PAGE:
Four Cardinal Virtues of Mencius
One of the most significant developments in Diamond’s philosophy in recent years has been the incorporation into his work of the four so-called “Cardinal Virtues” of the Confucian philosopher Mencius (孟子). The Virtues, all originating from Confucius himself, are named Zhi (智), Jen (also transliterated Ren, 仁), Yi (義) and Li (禮).
Zhi, commonly translated as knowledge or wisdom, is in Diamond’s terms the state of Belovedness* – the feeling of feeling loved by the mother – our ultimate wisdom. Zhi actuates Jen, commonly translated benevolence or humaneness, which is what Diamond terms the Soul*, the deepest part of the self, that is pure love (Mencius, like Diamond, fervently believed in the essential goodness of human nature). In other words feeling the mother’s love enables us to find our own Soul. Following on, Yi, righteousness or goodness, is the grateful return for that love, which Diamond terms Cantillation*. The fourth Virtue, Li, propriety or proper ritual, is the eternal law that impels all this, the equivalent of what Diamond terms an endum*: something that is worthy to be acted upon for its own sake. Overall Diamond’s interpretation of the Four Cardinal Virtues and their relationship to one another offer an ideal model for all human behavior and motivation.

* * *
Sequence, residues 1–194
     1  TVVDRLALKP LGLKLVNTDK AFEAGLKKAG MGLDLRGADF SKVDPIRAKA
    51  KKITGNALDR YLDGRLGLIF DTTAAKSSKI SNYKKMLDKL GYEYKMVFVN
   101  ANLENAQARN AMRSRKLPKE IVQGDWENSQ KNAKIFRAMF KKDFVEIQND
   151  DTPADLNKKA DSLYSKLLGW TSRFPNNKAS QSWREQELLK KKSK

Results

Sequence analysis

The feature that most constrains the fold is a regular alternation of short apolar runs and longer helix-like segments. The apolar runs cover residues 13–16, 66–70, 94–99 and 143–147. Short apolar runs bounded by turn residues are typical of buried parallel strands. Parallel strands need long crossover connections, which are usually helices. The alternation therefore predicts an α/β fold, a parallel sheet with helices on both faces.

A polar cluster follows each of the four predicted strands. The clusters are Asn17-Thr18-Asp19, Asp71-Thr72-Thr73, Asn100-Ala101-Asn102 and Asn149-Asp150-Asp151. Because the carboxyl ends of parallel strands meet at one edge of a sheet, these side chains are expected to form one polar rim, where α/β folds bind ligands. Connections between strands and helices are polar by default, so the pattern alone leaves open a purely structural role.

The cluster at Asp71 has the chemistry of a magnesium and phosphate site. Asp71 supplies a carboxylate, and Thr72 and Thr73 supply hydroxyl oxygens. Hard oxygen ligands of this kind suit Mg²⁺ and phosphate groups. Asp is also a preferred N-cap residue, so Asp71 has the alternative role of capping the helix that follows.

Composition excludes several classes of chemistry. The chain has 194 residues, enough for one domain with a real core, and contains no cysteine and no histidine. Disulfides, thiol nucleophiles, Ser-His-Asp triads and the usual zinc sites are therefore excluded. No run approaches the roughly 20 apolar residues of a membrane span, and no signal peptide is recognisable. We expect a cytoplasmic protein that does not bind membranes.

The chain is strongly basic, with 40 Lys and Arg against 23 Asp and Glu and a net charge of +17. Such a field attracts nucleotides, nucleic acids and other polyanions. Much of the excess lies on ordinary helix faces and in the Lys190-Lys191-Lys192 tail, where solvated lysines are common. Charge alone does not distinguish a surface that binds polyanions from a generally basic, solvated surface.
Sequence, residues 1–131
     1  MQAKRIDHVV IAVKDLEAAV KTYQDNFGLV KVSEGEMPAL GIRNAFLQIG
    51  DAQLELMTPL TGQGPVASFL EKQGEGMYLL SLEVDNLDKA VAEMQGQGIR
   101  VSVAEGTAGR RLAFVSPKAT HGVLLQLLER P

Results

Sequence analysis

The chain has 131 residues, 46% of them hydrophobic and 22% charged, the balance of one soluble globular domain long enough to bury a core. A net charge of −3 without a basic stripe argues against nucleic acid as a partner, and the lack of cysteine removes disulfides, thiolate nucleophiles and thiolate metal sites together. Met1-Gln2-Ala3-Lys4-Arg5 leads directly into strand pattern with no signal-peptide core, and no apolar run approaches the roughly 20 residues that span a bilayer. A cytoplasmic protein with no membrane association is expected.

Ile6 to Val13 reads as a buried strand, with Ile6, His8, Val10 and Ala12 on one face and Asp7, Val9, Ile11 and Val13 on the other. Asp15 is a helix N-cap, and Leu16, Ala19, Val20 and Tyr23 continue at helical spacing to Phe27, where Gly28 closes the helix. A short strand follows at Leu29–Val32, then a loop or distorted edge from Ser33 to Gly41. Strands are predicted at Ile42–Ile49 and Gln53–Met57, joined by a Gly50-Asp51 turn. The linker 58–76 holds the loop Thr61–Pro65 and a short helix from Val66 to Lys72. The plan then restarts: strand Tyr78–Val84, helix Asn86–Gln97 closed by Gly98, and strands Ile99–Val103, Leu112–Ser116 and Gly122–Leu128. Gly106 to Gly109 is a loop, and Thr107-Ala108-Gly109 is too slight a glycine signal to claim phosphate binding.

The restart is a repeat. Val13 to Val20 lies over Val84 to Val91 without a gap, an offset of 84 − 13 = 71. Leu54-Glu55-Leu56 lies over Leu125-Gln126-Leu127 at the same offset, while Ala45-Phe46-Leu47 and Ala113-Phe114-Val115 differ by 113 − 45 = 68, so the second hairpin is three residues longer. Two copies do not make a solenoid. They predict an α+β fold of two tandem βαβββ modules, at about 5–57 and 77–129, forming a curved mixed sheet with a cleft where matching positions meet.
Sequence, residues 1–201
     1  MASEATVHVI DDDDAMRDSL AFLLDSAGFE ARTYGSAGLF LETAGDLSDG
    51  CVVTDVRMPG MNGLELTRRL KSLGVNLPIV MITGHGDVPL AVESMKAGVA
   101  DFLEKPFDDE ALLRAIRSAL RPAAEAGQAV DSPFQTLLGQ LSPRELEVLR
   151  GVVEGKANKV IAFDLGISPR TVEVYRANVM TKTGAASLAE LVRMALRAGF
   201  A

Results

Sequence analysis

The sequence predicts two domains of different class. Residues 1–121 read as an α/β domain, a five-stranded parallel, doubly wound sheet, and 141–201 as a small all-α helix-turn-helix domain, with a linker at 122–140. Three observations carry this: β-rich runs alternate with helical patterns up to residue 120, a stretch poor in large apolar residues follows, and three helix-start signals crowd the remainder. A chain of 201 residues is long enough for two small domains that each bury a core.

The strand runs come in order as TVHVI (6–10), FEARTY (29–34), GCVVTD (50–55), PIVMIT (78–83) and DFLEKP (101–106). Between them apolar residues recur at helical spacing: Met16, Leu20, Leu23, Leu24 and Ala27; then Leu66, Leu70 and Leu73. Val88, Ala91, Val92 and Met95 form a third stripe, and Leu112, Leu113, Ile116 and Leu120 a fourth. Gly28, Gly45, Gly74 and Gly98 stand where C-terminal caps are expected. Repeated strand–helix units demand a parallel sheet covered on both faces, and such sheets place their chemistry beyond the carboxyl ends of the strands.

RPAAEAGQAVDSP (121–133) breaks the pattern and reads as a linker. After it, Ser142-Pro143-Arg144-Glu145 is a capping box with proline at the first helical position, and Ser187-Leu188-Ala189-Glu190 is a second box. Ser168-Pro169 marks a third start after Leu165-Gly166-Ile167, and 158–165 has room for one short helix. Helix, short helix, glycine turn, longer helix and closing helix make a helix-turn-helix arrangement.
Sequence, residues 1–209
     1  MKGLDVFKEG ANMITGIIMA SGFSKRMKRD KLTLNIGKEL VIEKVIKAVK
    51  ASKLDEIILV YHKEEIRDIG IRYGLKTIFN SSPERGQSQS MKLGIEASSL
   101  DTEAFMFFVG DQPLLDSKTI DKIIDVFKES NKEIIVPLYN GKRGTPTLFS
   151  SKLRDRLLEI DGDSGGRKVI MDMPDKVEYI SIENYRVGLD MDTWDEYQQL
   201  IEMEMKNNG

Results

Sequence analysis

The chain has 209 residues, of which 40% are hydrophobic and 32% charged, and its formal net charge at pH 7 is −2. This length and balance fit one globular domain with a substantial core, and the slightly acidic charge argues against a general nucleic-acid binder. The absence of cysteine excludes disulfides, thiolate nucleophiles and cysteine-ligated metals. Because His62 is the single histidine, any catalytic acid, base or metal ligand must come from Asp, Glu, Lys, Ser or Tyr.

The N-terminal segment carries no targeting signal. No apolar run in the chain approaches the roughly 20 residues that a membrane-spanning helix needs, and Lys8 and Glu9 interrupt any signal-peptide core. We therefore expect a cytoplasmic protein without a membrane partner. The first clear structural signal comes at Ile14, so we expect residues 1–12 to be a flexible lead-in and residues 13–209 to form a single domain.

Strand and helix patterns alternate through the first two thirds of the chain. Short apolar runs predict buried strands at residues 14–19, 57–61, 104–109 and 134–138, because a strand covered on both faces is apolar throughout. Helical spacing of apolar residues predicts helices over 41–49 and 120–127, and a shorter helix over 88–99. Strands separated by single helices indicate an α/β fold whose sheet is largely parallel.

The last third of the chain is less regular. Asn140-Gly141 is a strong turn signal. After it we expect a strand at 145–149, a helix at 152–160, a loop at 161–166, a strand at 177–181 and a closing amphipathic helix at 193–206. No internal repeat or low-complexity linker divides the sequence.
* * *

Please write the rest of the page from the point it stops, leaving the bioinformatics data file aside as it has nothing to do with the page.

See also: Individual entries on Jen*, Li*, Yi*, Zhi*.
Timeline: Diamond has been developing this model since c. 2010. Until c. 2015, Li was assigned the role of Cantillation rather than Yi: the switch occurred in the middle of 2015, and the subsequent “endum” role for Li was developed in 2018.